Britain and Germany are in talks about building a 400 mile long pipeline under the North Sea to carry hydrogen to mainland Europe.
Two people familiar with the discussions have said Germany’s Vice-Chancellor Robert Habeck raised the idea with Business Secretary Kemi Badenoch during a meeting earlier this month.
Berlin has its eyes on British hydrogen as it searches for ways to reach net zero and break its dependence on fossil fuels.
Vladimir Putin’s war in Ukraine also pushed Germany into finding the means of breaking its reliance on Russian gas.
According to Politico, the pipeline idea is at an early stage, with a route either going straight from Britain to Germany or flowing via Norway.
Germany is betting on hydrogen fuel to decarbonize industries such as steel, cement and chemicals, which are highly polluting sectors but cannot be easily electrified.
The country’s Cabinet approved a new hydrogen strategy in July which outlined guidelines for hydrogen production, transport infrastructure and plans for a market.
Politico reports that Berlin is keen to see a feasibility study carried out over the UK-Germany pipeline while the UK’s Department for Energy Security and Net Zero wants to understand what the options are.
Britain would harness its offshore wind reserves to produce the hydrogen which would then be pumped under the North Sea to Germany.
British Energy Minister Martin Callanan visited Germany in September, signing a joint declaration of intent with the German government.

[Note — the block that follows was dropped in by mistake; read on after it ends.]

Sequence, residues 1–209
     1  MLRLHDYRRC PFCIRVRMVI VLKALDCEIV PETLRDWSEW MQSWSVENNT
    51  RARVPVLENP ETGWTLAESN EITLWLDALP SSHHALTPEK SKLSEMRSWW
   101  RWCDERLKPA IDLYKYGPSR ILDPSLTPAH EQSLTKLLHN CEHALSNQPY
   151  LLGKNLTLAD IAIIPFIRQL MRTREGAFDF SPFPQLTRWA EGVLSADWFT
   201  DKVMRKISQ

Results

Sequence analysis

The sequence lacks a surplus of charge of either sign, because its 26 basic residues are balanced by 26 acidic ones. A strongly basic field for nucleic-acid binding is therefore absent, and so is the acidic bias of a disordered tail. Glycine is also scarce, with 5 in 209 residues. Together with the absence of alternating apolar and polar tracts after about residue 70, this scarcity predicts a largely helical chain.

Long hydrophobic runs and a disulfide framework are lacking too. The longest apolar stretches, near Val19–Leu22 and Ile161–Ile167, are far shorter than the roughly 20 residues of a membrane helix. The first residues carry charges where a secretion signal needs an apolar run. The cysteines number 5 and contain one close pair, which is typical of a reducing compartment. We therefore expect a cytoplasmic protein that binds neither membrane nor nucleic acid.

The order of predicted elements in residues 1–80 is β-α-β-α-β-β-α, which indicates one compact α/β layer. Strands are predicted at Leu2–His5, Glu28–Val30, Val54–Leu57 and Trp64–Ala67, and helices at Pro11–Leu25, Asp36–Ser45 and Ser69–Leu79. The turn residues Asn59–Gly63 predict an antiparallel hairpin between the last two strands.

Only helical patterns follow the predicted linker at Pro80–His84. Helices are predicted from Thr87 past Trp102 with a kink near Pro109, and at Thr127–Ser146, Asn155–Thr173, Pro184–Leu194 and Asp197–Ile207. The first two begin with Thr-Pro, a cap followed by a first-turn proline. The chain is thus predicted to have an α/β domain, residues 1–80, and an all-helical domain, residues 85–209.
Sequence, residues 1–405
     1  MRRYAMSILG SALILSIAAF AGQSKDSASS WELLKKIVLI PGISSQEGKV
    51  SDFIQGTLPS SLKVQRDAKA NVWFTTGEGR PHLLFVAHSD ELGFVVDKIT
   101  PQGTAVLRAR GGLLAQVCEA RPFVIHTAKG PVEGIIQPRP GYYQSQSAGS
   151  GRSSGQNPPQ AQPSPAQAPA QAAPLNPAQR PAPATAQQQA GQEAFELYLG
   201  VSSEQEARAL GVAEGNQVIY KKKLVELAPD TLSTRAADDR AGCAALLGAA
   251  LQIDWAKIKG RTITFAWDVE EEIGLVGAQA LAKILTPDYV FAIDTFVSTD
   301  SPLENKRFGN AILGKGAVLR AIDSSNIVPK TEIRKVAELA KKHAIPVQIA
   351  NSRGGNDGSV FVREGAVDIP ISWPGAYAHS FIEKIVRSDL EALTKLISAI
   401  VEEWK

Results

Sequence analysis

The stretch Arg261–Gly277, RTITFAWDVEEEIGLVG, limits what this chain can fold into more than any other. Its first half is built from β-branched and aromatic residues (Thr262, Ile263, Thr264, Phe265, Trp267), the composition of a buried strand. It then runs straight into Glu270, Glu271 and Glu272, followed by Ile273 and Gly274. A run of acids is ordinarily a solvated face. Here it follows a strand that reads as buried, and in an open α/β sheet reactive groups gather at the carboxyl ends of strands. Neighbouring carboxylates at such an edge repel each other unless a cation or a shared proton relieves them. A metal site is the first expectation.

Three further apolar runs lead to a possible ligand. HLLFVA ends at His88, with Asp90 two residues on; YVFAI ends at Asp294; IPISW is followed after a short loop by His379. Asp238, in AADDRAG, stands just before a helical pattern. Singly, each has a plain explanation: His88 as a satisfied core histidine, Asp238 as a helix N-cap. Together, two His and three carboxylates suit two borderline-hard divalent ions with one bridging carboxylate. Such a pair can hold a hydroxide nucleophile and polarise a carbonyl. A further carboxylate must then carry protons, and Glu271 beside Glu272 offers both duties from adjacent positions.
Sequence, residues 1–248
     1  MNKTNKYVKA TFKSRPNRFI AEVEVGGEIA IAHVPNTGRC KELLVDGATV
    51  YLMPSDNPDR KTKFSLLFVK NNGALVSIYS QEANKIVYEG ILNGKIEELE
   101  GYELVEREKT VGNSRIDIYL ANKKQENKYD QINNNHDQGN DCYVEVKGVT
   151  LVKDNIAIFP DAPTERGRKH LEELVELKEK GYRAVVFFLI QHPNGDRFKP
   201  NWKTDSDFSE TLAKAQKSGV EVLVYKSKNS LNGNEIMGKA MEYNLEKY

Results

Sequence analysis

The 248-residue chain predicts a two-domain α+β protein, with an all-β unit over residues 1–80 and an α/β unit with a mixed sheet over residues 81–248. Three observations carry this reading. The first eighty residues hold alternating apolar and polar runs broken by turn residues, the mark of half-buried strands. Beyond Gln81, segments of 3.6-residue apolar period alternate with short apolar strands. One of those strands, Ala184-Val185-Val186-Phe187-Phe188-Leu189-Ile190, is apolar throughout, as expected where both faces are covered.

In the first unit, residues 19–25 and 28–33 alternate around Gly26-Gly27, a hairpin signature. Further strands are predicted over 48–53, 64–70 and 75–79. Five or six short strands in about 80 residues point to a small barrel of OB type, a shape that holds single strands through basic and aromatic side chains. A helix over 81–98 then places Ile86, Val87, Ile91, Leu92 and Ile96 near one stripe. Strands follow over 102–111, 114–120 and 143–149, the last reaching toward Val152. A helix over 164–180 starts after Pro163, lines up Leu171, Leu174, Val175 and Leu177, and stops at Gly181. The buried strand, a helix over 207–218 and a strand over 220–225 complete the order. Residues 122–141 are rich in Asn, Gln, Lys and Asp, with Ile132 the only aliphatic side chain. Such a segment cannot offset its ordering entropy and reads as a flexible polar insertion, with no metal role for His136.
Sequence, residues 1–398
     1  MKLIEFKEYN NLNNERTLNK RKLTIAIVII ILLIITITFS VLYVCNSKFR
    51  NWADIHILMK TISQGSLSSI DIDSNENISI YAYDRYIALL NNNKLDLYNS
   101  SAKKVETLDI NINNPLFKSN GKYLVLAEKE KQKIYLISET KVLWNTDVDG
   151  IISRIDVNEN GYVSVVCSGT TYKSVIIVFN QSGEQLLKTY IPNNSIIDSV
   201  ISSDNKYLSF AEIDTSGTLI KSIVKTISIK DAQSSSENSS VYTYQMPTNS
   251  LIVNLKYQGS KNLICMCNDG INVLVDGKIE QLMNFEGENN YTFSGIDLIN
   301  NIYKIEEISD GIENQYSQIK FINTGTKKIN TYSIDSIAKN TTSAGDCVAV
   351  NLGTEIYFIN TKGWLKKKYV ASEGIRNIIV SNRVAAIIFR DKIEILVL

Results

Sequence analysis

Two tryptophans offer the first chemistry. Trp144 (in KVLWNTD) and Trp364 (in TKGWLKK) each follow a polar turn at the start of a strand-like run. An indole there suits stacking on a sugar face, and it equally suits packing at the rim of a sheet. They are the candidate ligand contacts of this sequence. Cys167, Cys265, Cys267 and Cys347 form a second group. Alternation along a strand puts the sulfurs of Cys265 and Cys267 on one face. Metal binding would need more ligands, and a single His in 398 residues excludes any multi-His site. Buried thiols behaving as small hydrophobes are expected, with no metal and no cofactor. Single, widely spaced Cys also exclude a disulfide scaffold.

Both countries are believed to have pledged to work together to boost production and trade in hydrogen.
Scotland has been tipped as a possible site for the UK side of the pipeline, with the Scottish government awarding £200,000 to Aberdeen’s Net Zero Technology Centre to look into the feasibility of an export route from Scotland.
A Government spokesperson said Britain wants to play a key role in exporting hydrogen to other countries, including in Europe, where it sees increased demand for hydrogen alongside already established energy trading and interconnections with the UK.
They added: “We recently signed a Hydrogen Partnership with Germany which will enhance cooperation and share expertise between the two countries. We look forward to agreeing the next steps under the partnership.”
Berlin expects to import up to 70 percent of the hydrogen it says it will need with a 6,000 mile long core network being a major part of its infrastructure for the green fuel.
The network will be connected to Germany’s neighbours, including Denmark, Norway and Spain.
FNB Gas Chairman Thomas Goessmann told a news conference earlier this month existing natural gas pipelines will make up 60 percent of that network.
Mr Habeck said: “We all know that we have no time to lose and that the first hydrogen must flow as early as 2025.”
He added the excavators have to roll next year.